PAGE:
Bottom line: Administering antibiotics within one hour after triaging significantly decreases mortality in patients admitted to the ED with sepsis.
Summary: Gaieski DF, et al. Impact of time to antibiotics on survival in patients with severe sepsis or septic shock in whom early goal-directed therapy was initiated in the emergency department. Crit Care Med. 2010 Apr;38(4):1045-53.
Objective: To study the association between time to antibiotic administration and survival in patients with severe sepsis or septic shock in whom early goal-directed therapy was initiated in the emergency department. Methods: Cohort study of 261 patients in a tertiary care hospital 2005-2006 who received early goal-directed therapy (EGDT – algorithmic volume resuscitation, placement of central venous catheter, and measurement of central venous pressure, mean arterial pressure, and ScvO2) during ED stay and who were included in the severe sepsis and septic shock database. Results: Table 6 (p. 1048) compares in-hospital mortality for various cut-offs of time from triage to appropriate antibiotics. Greatest difference in probability of mortality between the group receiving antibiotics <1 hour after triage (0.13) and those receiving antibiotics ≥ 1hour after triage (0.29).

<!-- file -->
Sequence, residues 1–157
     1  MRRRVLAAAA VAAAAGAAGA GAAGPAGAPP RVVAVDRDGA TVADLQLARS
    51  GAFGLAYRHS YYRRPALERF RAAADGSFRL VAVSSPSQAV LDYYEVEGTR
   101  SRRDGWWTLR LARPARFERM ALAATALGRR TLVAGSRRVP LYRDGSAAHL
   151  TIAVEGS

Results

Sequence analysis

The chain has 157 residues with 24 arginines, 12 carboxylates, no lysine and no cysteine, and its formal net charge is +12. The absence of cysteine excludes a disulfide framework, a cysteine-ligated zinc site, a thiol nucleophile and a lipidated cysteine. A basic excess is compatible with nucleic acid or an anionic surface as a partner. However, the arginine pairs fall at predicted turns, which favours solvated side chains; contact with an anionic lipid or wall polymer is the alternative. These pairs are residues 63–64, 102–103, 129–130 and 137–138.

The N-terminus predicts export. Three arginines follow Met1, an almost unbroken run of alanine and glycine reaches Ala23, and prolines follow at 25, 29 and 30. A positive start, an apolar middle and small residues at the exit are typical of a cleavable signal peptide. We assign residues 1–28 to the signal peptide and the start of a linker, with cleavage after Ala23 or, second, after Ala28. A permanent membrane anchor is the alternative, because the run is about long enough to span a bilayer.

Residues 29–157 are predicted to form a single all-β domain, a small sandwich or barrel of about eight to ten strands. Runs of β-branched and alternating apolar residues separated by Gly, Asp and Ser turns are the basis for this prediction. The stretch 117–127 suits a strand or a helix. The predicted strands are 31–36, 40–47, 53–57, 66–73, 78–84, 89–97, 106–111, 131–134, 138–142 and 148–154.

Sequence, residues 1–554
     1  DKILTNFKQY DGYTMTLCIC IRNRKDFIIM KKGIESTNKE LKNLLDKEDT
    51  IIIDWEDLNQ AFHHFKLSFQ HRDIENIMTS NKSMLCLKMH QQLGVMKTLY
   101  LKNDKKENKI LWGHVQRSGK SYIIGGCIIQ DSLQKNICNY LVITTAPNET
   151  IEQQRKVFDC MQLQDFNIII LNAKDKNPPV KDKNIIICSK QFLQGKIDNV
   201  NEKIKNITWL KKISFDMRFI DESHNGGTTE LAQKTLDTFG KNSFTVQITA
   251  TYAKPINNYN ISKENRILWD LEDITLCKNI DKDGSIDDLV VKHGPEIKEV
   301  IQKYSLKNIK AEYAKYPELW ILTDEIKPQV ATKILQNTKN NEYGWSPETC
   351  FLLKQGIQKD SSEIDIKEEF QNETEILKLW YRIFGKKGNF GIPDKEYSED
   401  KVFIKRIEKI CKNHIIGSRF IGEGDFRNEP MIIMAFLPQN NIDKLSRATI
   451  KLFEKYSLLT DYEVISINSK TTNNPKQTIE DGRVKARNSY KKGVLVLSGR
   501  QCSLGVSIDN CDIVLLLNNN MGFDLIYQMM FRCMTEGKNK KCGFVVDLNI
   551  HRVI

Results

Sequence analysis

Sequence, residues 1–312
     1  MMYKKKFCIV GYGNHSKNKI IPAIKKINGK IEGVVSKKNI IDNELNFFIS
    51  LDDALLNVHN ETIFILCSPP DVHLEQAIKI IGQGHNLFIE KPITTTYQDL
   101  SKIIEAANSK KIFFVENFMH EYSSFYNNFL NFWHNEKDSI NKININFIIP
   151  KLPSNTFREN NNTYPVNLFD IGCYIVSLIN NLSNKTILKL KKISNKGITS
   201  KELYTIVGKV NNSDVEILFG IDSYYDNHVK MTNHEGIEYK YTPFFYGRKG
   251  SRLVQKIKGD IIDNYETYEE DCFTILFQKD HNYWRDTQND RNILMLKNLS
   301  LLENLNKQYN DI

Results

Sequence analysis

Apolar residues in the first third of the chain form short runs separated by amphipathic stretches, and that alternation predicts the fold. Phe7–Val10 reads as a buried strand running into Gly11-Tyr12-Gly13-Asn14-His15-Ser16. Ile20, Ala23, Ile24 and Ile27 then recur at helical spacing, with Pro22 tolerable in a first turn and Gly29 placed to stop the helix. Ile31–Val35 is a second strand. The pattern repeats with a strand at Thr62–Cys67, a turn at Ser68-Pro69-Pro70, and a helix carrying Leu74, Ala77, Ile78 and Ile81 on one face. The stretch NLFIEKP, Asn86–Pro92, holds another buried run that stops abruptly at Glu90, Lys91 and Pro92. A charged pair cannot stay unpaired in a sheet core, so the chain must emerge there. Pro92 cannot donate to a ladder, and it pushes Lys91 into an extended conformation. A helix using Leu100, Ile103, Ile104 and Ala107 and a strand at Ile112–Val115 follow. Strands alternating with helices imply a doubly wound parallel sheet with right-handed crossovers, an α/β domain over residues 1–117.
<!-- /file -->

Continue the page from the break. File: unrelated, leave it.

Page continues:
Repost of 5/11/10